Poster Presentation 25th Lorne Cancer Conference 2013

Investigating the effect of assay variation in determining whether melanoma follows a CD271-based cancer stem cell model. (#124)

Samantha E Boyle 1 , Elisha Wybacz 1 , Clare G Fedele 1 , Mark Shackleton 1
  1. Research, Peter MacCallum Cancer Centre, East Melbourne, VIC, Australia

Conflicting evidence questions whether melanoma follows a CD271-based stem cell model (Boiko (B) et al, Nature 466:133; Quintana (Q) et al, Cancer Cell 18:510; Civenni (C) et al, Cancer Res 71:3098). Comparisons of these studies are confounded by the performance of assays in different laboratories, by different investigators, using different methods and different melanomas. We have addressed this through side-by-side testing of the CD271-based stem cell model of melanoma progression, using the published methods above (B, Q, and C).

Cells were isolated from the same human melanomas using each method. Yields of viable melanoma cells were increased (p<0.05) by 2-3 fold if cells were isolated from patient melanomas using B and C methods. Isolated cells were separated by flow cytometry according to CD271 expression. No consistent differences relating to cell isolation method were observed in the proportions of CD271- and CD271+ cells. Accordingly, CD271 transcripts were expressed at similarly low levels in CD271- cells isolated according to each method. These findings do not support the possibility (Cancer Res 71:3098) that trypsin-including tissue digestion (i.e. method Q) impairs the ability to separate CD271- and CD271+ melanoma cells using flow cytometry.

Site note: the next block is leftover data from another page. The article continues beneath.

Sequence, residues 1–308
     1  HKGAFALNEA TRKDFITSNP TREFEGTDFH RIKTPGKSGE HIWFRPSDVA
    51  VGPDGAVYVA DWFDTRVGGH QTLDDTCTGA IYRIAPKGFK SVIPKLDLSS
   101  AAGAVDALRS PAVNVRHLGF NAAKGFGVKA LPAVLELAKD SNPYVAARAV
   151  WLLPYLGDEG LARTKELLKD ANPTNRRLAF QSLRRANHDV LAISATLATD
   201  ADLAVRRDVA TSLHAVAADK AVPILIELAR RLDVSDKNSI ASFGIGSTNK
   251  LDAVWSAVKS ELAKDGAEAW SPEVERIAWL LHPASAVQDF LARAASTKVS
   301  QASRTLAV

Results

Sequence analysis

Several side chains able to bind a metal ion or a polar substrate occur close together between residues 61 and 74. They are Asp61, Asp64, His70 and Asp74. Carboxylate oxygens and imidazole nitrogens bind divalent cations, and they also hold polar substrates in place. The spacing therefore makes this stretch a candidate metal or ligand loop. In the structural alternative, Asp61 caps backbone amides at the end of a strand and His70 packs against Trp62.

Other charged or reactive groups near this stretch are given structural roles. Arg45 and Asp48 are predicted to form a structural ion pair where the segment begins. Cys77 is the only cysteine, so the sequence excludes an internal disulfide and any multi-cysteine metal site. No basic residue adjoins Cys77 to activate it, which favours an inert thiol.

CD271- and CD271+ cells derived through different methods were then transplanted to test the effects of different tumorigenesis conditions: male vs female recipients, NOD/SCID vs NOD/SCID IL2rgnull mice, premixture in different Matrigel formulations (e.g. standard vs high protein). Consistent tumor formation was observed from both CD271- and CD271+ cells, irrespective of xenograft conditions.

We thus find no evidence that melanoma follows a cancer stem cell model characterized by CD271 expression and a lack of effect on this conclusion of controlled variation in published assay conditions.